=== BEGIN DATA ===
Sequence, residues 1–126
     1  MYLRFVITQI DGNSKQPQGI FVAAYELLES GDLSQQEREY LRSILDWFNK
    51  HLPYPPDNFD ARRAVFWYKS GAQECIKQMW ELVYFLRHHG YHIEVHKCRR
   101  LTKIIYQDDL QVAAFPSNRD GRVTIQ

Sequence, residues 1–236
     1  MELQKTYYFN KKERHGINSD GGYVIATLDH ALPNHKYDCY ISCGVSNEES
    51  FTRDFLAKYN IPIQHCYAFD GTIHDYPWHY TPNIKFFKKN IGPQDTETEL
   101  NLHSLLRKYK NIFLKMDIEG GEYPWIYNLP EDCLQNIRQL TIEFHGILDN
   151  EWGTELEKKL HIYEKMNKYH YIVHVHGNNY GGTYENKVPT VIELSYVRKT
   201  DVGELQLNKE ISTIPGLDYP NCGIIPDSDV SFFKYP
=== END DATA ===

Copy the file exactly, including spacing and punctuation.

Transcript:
Sequence, residues 1–126
     1  MYLRFVITQI DGNSKQPQGI FVAAYELLES GDLSQQEREY LRSILDWFNK
    51  HLPYPPDNFD ARRAVFWYKS GAQECIKQMW ELVYFLRHHG YHIEVHKCRR
   101  LTKIIYQDDL QVAAFPSNRD GRVTIQ

Sequence, residues 1–236
     1  MELQKTYYFN KKERHGINSD GGYVIATLDH ALPNHKYDCY ISCGVSNEES
    51  FTRDFLAKYN IPIQHCYAFD GTIHDYPWHY TPNIKFFKKN IGPQDTETEL
   101  NLHSLLRKYK NIFLKMDIEG GEYPWIYNLP EDCLQNIRQL TIEFHGILDN
   151  EWGTELEKKL HIYEKMNKYH YIVHVHGNNY GGTYENKVPT VIELSYVRKT
   201  DVGELQLNKE ISTIPGLDYP NCGIIPDSDV SFFKYP